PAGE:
Old Spice Marketing

Topics: Old Spice, Procter & Gamble, Brand Pages: 7 (2410 words) Published: November 24, 2012
Old Spice is an exceptional brand founded on a rich history. It has succeeded in transforming itself from a brand that was more focused towards my generation’s grandparents to a new millennium sensation for younger crowds to utilize by using the market penetration product strategy. Proctor and Gamble currently owns the Old Spice brand and takes up a considerable amount of the men’s grooming market segment. Old Spice is still managing to maintain a competitive advantage and is growing toward its peak in its product life cycle with little product attributes that differentiate themselves from their competitors. Proctor and Gamble is currently expanding Old Spice’s product mix and maintains competitive pricing. Old Spice’s brand is promoted a highly rated advertising strategy and distributes its products intensively to retailers and wholesalers.

The creator of Old Spice is George Schultz. He was introduced to the grooming market when he was 19 years old by working as a salesman for his father, William Schultz. William’s company, Schulton Company, in the Bronx, New York in the mid 1930s. Schulton Company, originally named the Lightfoot Schultz Company, was formed in the 1920s and sold soap and toiletries. William Schultz came to the conclusion that he would never become wealthy selling a private label product during the Depression and decided to search for a product that he could trademark and capture the public eye. He met with Enid Edson, an artist, and searched for label designs through intensive research. It was only soon after when William Schultz developed the first Old Spice product. It was a female fragrance that was developed “from a memory of a rose jar his mother kept in the house, a combination of roses, cloves, herbs, and other spices, and called his new line of toiletries Early American Old Spice for Women.” While this was happening, George Schultz pursued his chemical engineering degree while continuing to make money from being a salesman for Schulton. He became the plant manager shortly after and moved Schulton to its current site in Clifton in 1946. William Schultz passed away in 1950 and George Schultz was selected as president of Schulton and continued to build the company. Proctor and Gamble then bought Old Spice in 1990.

Old Spice market segmentation is now targeted towards the younger generation, typically ages fifteen and up, who are intending the look their best and smell genuinely masculine. Also, the brand is reaching out to females who want their partners to have masculine-scented grooming products. There are currently three lines of the Old Spice brand: High Endurance, Classic, and Red Zone. High Endurance is the basic line, Classic contains the original scent of Old Spice, and Red Zone is the higher-end of the brand line. This allows for market segmentation to be split even more towards the older crowd who enjoy the original scent of Old Spice, and also to those who enjoy the newer variety of scents.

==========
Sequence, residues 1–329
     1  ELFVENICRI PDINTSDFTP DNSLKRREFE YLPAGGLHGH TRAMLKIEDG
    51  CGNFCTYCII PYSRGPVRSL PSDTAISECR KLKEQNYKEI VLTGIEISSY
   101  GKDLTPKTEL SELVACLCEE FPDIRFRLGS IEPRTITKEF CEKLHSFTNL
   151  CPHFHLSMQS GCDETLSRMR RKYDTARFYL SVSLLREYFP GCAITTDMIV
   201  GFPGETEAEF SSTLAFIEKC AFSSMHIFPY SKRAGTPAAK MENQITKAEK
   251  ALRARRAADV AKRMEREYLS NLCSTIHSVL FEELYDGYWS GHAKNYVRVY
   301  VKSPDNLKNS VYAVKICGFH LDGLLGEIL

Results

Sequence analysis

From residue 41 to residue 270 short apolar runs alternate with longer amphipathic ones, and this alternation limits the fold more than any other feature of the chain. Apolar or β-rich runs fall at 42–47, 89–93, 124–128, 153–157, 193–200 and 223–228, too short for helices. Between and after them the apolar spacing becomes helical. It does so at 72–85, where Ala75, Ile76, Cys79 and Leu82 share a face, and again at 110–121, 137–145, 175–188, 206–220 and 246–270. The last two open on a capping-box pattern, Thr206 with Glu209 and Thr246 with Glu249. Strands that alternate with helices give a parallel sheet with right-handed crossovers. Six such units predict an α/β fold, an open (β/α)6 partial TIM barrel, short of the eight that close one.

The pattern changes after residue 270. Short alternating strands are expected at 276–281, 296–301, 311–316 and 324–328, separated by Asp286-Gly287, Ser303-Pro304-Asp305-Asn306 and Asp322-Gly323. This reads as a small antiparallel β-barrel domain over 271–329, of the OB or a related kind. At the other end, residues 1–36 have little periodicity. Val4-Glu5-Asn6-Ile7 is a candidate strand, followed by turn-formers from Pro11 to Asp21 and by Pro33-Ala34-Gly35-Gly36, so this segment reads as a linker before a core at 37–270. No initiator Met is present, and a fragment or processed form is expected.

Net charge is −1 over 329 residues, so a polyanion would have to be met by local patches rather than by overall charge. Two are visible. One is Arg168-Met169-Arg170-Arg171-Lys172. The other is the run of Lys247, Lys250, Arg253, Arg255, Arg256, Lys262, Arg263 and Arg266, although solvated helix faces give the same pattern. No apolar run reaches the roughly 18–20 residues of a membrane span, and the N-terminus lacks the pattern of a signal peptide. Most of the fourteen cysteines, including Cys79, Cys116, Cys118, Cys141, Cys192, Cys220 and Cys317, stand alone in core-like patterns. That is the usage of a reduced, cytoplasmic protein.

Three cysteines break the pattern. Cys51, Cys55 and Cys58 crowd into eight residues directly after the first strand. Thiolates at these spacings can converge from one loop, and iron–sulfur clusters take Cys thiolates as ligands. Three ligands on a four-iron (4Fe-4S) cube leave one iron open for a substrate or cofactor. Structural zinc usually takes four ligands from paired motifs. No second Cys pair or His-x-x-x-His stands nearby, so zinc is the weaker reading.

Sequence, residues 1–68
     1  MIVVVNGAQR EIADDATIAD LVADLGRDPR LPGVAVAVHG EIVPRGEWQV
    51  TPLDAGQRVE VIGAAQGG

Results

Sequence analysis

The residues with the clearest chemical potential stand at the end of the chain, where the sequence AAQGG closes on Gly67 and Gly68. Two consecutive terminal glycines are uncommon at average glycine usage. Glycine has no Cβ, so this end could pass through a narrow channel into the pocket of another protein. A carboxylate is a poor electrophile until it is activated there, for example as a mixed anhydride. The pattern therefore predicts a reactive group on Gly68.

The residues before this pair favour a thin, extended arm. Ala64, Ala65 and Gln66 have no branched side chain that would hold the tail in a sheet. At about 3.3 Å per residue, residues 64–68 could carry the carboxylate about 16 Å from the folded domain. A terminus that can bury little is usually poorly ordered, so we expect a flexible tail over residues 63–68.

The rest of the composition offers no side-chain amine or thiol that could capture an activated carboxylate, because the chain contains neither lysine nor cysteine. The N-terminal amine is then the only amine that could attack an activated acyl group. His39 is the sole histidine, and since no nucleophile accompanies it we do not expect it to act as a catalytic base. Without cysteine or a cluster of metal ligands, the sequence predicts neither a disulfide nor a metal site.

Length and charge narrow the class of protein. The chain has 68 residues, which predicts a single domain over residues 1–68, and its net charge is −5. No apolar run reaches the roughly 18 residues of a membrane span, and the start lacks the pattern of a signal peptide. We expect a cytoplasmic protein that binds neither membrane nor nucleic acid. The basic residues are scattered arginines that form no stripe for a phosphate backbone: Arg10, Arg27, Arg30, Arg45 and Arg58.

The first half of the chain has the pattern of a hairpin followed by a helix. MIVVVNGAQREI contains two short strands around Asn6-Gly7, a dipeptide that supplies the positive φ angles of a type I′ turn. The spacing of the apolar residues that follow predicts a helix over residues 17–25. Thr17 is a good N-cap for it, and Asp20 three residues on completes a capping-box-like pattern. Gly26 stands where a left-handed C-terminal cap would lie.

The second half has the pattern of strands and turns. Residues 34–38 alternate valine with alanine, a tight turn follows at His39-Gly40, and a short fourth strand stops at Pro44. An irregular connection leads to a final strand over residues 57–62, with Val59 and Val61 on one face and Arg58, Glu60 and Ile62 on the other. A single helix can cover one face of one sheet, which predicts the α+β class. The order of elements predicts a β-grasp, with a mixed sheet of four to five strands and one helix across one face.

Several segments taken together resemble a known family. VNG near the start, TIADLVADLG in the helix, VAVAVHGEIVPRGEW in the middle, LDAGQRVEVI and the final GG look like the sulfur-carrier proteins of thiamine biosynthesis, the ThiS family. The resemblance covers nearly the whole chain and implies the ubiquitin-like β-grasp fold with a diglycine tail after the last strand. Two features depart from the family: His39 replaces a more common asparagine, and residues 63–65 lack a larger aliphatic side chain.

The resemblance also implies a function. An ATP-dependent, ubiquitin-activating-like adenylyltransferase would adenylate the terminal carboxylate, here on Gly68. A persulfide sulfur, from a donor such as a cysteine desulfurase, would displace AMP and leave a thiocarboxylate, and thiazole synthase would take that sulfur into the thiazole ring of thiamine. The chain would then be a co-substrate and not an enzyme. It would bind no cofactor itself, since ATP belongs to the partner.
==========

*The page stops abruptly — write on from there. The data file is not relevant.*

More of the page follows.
In 2011, Proctor and Gamble held 43% of the men’s grooming industry’s sales and currently selling at $66.47 per share. Throughout the previous years Proctor and Gamble has been consistent with the market trend, including the economic downturn. However, Proctor and Gamble has been staying ahead of the market price per share by a large margin.

Old Spice’s product brand has evolved little over time. Its label has a consistent nautical theme to it. Its logo started off with a sailing vessel as a trademark. The original ships used on their products were the Grand Turk and the Friendship. In 1992, these tall ships were replaced with a yacht, giving the brand a more modern feel. Today, Old Spice uses the original tall ship theme that it originally used. Old Spice is involved in a wide brand extension as well. Starting off with aftershave lotion and shaving soap, the brand has extended to deodorant sticks, body wash, body spray, and other male grooming products. As stated before, Old Spice was...

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